Sanctions are not working. Confronting the “triangular trade,” which refers to the cooperation among Iran, China and North Korea on nuclear programs, is a growing challenge. In addition, Iran may have more than one plan to obtain full nuclear weapons capability.
“Indeed, the West could have it all wrong, says Graham. “The Iranians perhaps in fact are going to use their enrichment facilities at Natanz and Qom to fabricate peaceful reactor grade uranium, and have outsourced their nuclear program to North Korea. North Korea might even agree to store the Iranian weapons produced with Iranian money.” (Emphasis added.)
If that has already happened, or were North Korea to agree to it, there would be few if any reasons for it to be concerned about the imposition of more stringent sanctions. It has survived with sanctions for years and the Kim Regime members who matter have suffered little if at all from them. To the contrary, sanctions give the regime convenient scapegoats, principally the U.S., to blame for the problems of its peasants.
Might additional sanctions on the DPRK, based on additional nuclear activity there resulting from clandestine cooperation with Iran as suggested in the article, coupled with decreases in the severity of sanctions on Iran until that cooperation is detected, encourage even more DPRK – Iran partnership activity? If, as I previously speculated, reductions in the severity of sanctions on Iran would permit Iran to pay North Korea in hard currency or gold, the incentives for North Korea to augment its already mutually beneficial partnership with North Korea would be enhanced.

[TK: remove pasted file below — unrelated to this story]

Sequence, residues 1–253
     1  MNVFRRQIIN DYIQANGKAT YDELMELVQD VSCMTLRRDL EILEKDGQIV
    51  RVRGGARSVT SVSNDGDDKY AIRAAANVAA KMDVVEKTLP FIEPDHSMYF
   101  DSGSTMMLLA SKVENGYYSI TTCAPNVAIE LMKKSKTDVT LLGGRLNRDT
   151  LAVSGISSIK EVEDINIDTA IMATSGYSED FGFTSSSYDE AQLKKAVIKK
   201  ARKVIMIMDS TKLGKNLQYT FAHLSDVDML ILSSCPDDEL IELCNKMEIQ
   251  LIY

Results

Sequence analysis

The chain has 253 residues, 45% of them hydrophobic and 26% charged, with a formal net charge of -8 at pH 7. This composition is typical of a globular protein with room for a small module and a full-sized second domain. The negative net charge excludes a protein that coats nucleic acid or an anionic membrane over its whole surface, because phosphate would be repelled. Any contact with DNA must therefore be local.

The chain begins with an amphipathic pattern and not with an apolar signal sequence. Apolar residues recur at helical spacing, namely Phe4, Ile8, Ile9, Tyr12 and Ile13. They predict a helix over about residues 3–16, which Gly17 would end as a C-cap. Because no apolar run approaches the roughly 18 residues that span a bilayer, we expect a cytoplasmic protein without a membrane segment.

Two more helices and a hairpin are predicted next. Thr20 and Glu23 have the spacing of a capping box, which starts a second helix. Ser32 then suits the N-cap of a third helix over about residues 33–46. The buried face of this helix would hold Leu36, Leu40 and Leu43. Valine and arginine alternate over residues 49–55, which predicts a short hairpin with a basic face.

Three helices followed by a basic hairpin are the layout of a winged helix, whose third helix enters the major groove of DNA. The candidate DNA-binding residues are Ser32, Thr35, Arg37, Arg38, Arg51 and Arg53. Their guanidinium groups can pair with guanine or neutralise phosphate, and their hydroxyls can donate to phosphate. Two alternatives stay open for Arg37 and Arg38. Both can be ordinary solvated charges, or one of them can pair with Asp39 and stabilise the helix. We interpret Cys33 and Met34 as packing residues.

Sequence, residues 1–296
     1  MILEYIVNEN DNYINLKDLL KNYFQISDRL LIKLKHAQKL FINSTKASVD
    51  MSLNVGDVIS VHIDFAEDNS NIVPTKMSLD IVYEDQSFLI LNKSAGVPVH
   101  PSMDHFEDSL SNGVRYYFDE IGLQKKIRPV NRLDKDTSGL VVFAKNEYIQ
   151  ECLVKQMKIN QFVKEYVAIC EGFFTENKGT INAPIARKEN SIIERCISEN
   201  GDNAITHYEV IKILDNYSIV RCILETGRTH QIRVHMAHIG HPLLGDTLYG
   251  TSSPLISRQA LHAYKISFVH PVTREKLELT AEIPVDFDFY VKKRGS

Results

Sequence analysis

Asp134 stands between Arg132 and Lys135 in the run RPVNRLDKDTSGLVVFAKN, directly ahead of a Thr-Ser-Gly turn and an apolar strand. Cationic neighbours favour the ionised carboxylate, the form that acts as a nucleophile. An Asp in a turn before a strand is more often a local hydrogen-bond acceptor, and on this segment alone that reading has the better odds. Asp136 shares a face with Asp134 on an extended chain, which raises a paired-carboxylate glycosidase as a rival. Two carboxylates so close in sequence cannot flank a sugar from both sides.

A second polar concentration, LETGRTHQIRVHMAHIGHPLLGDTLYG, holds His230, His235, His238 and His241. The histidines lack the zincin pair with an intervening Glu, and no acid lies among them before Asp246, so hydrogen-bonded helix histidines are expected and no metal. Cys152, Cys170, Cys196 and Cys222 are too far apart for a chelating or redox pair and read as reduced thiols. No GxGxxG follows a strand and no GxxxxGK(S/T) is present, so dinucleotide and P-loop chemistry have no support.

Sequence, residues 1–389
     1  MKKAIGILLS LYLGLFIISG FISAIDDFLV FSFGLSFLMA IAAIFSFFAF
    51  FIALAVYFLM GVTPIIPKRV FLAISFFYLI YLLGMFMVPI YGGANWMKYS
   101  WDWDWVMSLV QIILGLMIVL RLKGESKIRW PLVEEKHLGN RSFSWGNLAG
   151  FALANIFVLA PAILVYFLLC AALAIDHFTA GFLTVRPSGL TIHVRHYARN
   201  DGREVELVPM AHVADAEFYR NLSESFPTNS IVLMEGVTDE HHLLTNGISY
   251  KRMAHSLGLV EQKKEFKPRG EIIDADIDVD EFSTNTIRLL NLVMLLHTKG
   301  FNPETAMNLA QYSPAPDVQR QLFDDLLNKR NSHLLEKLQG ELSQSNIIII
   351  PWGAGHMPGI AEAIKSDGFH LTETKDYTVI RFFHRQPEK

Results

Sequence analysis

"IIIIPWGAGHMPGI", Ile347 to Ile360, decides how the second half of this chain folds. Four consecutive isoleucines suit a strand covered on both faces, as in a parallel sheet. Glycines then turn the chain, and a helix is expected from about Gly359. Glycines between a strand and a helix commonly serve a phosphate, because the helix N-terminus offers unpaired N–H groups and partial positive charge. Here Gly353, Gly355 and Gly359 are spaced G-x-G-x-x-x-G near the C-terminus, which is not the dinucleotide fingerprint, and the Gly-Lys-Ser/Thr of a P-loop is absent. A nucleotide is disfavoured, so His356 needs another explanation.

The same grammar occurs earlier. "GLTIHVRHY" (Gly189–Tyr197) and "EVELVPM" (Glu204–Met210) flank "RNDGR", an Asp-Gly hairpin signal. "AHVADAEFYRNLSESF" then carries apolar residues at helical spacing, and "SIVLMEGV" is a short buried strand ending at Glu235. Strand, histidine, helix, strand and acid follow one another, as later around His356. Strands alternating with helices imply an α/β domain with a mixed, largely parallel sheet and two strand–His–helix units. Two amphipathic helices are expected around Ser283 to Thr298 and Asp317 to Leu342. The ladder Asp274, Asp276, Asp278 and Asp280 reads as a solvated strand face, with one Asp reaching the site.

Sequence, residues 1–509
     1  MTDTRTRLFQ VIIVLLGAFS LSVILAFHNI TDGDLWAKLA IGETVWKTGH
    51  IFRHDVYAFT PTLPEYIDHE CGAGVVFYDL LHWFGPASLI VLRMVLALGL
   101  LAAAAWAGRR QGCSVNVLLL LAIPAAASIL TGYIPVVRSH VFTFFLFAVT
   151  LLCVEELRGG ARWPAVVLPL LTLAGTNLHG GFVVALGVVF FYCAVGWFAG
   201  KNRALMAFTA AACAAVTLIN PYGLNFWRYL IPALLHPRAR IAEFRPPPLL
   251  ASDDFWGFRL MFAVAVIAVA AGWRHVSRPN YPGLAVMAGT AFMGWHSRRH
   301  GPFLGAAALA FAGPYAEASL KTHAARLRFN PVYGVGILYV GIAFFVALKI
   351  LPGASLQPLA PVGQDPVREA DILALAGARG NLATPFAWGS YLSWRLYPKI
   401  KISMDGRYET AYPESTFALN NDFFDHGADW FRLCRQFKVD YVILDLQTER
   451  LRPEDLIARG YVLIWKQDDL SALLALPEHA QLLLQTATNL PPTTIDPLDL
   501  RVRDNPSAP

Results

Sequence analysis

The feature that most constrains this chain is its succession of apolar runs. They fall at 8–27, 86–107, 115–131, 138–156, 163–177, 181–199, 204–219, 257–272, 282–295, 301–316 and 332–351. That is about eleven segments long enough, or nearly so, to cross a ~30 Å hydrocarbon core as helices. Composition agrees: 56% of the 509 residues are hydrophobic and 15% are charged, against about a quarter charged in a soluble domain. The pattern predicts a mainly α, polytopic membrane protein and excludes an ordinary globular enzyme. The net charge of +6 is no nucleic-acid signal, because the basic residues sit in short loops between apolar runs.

The international agencies charged with inspecting Iranian nuclear facilities have more often than not been prevented from doing so. Their chances of conducting successful inspections in North Korea seem even slimmer, making it unlikely that increased Iranian – North Korean cooperation would be detected. If it were detected, some of the lifted sanctions might be reimposed on Iran. However, even if caught Iran would not have to worry about destruction of its “peaceful” uranium enrichment facilities or worse and North Korea would not have to be concerned about military intervention; China would not allow it.
Is Iran outsourcing its nuclear program to North Korea?
By Pamela Browne
Published February 28, 2013
Is it possible Iran has paid for and outsourced their nuclear program to North Korea?
One leading expert say yes. And Iran might be providing their best nuclear scientist as well.
Reports that Iran’s leading nuclear scientist, Dr. Mohsen Fakhrizadeh, was present for North Korea’s third nuclear test on Feb. 11 are raising further concerns. Particularly since the latest international negotiations over Iran’s nuclear ambitions concluded this week in Almaty, Kazakhstan, with little more than an agreement to meet again.
The London Times first reported on Feb. 17 that Fakhrizadeh, who despite the terms of U.N. Security Council Resolution 1747, may have traveled “evidently to Pyongyang, most likely via China” to witness North Korea’s third and successful nuclear test. This despite the U.N. calling upon member states to “exercise vigilance and restraint” and…
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